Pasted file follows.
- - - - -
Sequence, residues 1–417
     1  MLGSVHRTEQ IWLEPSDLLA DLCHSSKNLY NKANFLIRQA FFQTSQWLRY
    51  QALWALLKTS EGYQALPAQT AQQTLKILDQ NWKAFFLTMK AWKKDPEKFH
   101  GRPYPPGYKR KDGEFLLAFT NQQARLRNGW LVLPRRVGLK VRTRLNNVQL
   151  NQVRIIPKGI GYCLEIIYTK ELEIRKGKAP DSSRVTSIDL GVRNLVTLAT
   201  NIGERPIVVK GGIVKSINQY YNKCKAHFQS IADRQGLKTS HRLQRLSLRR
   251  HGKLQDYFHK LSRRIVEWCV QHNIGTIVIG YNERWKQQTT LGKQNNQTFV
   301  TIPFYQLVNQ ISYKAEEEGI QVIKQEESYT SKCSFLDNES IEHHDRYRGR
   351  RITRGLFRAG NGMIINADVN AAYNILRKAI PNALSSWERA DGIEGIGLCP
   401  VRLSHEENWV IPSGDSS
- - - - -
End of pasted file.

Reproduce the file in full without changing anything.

Sequence, residues 1–417
     1  MLGSVHRTEQ IWLEPSDLLA DLCHSSKNLY NKANFLIRQA FFQTSQWLRY
    51  QALWALLKTS EGYQALPAQT AQQTLKILDQ NWKAFFLTMK AWKKDPEKFH
   101  GRPYPPGYKR KDGEFLLAFT NQQARLRNGW LVLPRRVGLK VRTRLNNVQL
   151  NQVRIIPKGI GYCLEIIYTK ELEIRKGKAP DSSRVTSIDL GVRNLVTLAT
   201  NIGERPIVVK GGIVKSINQY YNKCKAHFQS IADRQGLKTS HRLQRLSLRR
   251  HGKLQDYFHK LSRRIVEWCV QHNIGTIVIG YNERWKQQTT LGKQNNQTFV
   301  TIPFYQLVNQ ISYKAEEEGI QVIKQEESYT SKCSFLDNES IEHHDRYRGR
   351  RITRGLFRAG NGMIINADVN AAYNILRKAI PNALSSWERA DGIEGIGLCP
   401  VRLSHEENWV IPSGDSS